If you’re considering moving to Australia, there are some things you probably ought to know about life down under.
Australian culture is so much more than BBQs, beers, and the beach. And while the beautiful weather and beaches are some of the significant reasons people make the move, there’s a lot more variety and substance to the country than you might think.
With its diverse culture and appealing climate, it’s no surprise why Australia is one of the most desirable and popular places to relocate, with many professionals, families, and travellers making the move every year.
But even though no two people will have the same experience in this fantastic country, it’s a good idea to be aware of what to expect once you arrive.
1. It’s Huge!
First-timers – don’t expect a Melbourne to Brisbane day outing, because it is not in the cards!
Australia is a ginormous country covering more than three million square miles.
For some perspective, it’s about the same size as Europe.
Imagine putting Australia on top of a map of the European continent — you’ll find that it covers each country. And for some more trivia, the distance between Ukraine and Portugal is actually less than Sydney and Perth.
So when considering moving to Australia, remember that you’ll need to get a little more specific about where to set up camp. It requires some serious logistics to travel around the country.
If you’re moving to Sydney, for example,and would like some help digesting the scale of this particular city, there are some excellent Sydney moving guides here that are perfect for people moving to Sydney for the first time.
2. The Weather Can Vary
Don’t think that all parts of Australia are basking in the sun’s heat all year round. It’s quite the opposite.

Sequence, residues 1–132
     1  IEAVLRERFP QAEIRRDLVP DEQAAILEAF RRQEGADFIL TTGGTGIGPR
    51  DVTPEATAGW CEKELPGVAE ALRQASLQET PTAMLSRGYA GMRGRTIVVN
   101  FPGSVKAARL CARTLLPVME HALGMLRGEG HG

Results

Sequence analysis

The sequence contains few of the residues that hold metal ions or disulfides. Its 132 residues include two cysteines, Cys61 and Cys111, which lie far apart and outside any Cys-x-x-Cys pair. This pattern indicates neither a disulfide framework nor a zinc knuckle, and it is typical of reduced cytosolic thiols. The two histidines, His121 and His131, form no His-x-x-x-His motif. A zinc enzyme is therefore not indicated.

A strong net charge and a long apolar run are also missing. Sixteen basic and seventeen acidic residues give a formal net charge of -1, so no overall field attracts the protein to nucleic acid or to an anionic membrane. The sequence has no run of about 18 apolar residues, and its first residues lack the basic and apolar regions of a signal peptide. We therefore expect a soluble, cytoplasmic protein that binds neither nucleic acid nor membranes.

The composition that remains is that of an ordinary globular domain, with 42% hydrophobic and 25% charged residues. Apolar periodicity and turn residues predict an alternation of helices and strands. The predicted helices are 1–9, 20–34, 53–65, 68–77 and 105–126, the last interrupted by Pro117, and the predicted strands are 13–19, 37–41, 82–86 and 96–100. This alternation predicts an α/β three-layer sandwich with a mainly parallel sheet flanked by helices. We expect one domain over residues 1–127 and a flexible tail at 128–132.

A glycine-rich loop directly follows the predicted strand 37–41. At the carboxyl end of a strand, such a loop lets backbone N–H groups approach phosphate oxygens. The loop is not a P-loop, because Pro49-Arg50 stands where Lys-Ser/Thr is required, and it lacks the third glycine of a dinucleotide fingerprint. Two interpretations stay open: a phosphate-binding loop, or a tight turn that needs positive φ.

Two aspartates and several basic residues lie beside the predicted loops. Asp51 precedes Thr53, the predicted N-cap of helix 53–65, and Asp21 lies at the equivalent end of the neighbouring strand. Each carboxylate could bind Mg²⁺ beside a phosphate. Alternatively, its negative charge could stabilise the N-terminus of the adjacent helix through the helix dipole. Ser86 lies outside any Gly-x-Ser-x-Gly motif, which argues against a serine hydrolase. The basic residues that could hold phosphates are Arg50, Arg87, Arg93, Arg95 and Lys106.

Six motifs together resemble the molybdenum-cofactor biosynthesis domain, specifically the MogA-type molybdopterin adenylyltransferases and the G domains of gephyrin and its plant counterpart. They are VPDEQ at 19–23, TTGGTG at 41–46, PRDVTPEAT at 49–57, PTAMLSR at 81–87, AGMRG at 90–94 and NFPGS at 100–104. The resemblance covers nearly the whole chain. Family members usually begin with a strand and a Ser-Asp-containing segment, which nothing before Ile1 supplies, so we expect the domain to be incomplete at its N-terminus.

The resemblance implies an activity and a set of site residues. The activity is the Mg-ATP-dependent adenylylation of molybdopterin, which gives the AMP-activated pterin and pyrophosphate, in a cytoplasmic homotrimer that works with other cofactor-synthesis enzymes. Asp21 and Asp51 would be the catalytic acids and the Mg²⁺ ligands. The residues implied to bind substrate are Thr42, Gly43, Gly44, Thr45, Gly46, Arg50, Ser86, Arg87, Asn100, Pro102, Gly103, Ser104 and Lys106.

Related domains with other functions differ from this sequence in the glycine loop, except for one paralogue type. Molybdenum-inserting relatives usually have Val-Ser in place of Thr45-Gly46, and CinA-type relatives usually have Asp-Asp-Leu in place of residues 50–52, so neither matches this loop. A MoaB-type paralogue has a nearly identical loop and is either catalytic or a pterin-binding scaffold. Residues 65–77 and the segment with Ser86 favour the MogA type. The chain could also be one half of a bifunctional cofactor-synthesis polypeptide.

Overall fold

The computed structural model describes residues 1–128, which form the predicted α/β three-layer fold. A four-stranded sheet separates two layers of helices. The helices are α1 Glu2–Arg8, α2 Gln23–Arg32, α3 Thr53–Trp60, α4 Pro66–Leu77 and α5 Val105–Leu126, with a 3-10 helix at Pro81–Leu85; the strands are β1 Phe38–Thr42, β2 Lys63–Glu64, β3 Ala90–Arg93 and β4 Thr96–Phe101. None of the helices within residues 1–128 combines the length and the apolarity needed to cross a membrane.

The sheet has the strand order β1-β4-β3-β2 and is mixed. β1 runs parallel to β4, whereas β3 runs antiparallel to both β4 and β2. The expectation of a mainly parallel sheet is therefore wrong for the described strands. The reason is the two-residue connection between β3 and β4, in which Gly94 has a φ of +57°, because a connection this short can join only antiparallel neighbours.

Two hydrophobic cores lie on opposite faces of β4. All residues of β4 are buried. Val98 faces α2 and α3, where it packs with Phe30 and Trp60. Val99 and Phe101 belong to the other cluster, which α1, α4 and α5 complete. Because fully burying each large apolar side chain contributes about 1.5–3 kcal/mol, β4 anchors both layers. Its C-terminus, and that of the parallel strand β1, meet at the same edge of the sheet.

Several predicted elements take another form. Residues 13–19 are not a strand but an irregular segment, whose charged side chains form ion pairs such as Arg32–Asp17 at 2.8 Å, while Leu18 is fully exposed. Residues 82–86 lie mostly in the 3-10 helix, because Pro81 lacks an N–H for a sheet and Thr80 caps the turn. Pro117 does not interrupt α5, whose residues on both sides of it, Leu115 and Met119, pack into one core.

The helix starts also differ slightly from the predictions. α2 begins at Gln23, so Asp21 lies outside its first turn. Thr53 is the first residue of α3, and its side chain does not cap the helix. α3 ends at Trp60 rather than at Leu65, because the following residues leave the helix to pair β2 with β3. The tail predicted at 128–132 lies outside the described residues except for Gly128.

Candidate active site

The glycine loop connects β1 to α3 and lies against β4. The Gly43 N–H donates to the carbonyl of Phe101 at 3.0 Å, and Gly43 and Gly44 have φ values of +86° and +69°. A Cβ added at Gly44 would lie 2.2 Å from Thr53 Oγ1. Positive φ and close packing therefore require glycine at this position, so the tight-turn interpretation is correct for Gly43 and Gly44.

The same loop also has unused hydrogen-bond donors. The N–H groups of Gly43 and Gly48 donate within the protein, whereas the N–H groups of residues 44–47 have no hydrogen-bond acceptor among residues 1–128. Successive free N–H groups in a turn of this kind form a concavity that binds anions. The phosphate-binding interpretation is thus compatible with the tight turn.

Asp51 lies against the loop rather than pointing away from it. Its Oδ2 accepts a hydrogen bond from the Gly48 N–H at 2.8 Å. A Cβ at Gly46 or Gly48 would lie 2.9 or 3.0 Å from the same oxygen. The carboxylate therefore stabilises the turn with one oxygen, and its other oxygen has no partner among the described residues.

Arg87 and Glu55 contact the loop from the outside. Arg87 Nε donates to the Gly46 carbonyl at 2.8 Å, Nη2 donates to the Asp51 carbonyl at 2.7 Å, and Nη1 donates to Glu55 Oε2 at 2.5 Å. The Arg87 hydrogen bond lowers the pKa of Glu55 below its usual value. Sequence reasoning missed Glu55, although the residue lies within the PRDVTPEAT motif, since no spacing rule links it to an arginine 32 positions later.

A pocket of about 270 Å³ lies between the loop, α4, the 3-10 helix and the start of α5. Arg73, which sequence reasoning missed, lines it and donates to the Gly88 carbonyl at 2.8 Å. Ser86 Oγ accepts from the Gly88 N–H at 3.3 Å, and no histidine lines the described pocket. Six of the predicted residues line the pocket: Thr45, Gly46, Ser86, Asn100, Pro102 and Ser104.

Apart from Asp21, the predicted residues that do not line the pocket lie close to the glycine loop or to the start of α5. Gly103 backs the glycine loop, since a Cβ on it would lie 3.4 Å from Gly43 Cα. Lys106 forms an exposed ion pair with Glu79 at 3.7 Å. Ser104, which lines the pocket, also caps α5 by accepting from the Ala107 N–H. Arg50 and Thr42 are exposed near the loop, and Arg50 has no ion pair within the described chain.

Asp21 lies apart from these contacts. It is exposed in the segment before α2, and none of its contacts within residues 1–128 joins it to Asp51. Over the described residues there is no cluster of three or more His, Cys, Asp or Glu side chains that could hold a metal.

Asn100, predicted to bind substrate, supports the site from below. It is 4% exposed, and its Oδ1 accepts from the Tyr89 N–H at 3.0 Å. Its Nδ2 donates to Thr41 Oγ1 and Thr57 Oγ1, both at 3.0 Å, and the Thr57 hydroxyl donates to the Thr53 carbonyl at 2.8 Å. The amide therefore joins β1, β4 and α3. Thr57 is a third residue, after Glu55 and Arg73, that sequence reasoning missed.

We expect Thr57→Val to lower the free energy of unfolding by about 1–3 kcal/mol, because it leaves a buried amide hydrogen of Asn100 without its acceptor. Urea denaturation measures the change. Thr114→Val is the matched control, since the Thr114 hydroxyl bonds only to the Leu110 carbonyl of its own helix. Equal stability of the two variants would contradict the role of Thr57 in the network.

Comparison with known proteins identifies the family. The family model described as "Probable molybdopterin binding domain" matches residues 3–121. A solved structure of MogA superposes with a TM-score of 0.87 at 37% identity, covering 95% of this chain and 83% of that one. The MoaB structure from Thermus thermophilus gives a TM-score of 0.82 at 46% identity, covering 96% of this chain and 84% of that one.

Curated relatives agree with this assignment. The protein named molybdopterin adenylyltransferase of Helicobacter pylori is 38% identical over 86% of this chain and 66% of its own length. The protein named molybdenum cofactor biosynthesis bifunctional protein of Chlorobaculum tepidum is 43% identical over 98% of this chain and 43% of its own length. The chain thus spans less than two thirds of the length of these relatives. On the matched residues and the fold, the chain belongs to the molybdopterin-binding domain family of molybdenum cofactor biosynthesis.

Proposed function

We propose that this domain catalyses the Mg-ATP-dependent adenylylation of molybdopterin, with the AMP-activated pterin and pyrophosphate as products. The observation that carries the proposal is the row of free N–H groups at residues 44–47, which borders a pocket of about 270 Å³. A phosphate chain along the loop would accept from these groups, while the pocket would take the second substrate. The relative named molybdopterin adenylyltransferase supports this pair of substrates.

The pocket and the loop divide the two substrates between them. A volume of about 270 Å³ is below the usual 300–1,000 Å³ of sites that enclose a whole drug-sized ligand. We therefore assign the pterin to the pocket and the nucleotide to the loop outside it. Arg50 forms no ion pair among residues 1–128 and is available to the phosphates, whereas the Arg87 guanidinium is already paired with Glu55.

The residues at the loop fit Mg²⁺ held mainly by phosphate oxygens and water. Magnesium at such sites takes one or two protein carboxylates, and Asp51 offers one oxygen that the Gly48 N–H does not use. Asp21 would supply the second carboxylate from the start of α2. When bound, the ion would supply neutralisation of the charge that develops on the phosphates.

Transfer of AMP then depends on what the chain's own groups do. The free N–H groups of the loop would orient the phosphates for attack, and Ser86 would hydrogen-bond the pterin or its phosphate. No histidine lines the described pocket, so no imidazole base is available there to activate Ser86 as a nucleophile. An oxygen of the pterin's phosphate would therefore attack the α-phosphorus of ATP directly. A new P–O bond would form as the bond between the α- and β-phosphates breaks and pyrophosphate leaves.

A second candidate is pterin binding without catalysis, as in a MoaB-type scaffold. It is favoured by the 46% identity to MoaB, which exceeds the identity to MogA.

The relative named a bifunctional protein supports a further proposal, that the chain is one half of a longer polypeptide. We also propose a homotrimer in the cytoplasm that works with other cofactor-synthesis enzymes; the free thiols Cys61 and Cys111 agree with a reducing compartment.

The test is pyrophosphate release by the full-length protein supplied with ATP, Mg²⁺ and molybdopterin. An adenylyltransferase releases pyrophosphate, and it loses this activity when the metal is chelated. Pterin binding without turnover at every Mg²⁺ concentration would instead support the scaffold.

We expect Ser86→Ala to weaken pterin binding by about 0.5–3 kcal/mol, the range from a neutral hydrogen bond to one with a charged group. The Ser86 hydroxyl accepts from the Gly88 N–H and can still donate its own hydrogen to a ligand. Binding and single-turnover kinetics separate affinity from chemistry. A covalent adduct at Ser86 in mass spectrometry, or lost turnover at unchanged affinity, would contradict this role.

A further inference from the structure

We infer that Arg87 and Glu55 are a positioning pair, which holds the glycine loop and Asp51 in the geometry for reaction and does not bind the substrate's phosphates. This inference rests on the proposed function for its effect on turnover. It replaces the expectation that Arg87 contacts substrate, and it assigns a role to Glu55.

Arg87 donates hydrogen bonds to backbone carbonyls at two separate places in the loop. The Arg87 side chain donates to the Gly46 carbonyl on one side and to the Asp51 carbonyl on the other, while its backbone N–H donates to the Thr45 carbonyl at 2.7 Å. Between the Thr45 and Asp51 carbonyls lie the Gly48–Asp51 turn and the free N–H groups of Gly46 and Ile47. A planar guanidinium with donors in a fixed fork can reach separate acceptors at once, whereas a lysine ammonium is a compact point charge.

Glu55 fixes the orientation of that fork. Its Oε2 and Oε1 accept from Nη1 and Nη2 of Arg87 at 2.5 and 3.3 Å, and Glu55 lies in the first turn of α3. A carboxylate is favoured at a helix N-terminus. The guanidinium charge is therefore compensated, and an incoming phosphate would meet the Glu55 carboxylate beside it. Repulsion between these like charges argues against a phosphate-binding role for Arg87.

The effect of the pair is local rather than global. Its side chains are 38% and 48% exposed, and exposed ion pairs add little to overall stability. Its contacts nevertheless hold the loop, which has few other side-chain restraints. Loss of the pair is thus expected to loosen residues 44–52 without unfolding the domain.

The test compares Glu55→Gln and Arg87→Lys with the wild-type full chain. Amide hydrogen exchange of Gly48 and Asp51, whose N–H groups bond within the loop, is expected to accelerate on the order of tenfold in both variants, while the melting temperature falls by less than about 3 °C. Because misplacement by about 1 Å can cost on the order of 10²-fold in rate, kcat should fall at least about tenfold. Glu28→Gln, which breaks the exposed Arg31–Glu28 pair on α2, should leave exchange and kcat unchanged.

When it’s summer in the north, it’s typically the rainy season in the south, and vice versa. And particular cities have different climates altogether.
While Brisbane is renowned for its pretty consistent tropical climate all year round, Melbourne has a reputation for having “four seasons in a day.”
Some parts of Australia even have snowfall, with areas including Thredbo, Perisher, and Charlotte Pass all falling under the Australian alps. You may not have pictured ski resorts when you imagined moving to Australia, but that’s what you may get depending on where you are.
3. You Need Visas
To enter Australia, the government requires visas — whether that be for holidays, work, and relocation. The requirements may vary depending on the country you’re coming from, so pay special attention to both Australia’s and your native country’s restrictions.
It’s important to note that many visas insist that you sign the Australian Values Statement and read the Life in Australia booklet.This is essentially a promise that you will obey Australian law and respect their way of life whilst you are in the country.
It may be compulsory for those applying for a skilled migration visa to take a skills assessment. Once you’ve obtained your visa and lived in the country for four years, you will be eligible to apply for Australian citizenship.
4. It Has a Great Quality of Life
After being ranked the second-best country in the world for quality of life, it’s no surprise that so many people decide to uproot their lives and move to Australia. Coming second to Norway, this UN report assessed life expectancy, education and economic data to determine the top countries.
Numbeo also reported that two of the cities with the best quality of life in the world were in Australia. Adelaide is number three on the list, and the capital city, Canberra, made it to number two.
The list also included other Australian cities, including Melbourne, Sydney and Perth. This leaves you with many top options for where you should land after moving to Australia. So soak in all the country’s beautiful qualities and enjoy.
5. Be Conscious of the Sun
While there are ski resorts in Australia, everybody knows that when the sun shines, it truly shines.
The height of summer can see temperatures peak at well over 104 °F, and by 2040, they’re expected to jump to a staggering 122 °F.
Due to this increase in heat, there were recent reports of hundreds of baby bats being killed by melting tarmac roads.
It’s not just the heat you need to be conscious of, either. Humans require the ozone layer of the Earth to protect us from the sun’s harmful UV rays, but Australia’s ozone layer is thinner than in other parts of the world.
Enjoy Your Move
Are you ready to become an Aussie yourself? If this list has you itching to live on this beautiful continent, it’s time to prepare for your move. Pack your sunscreen, grab your visa, and come down under.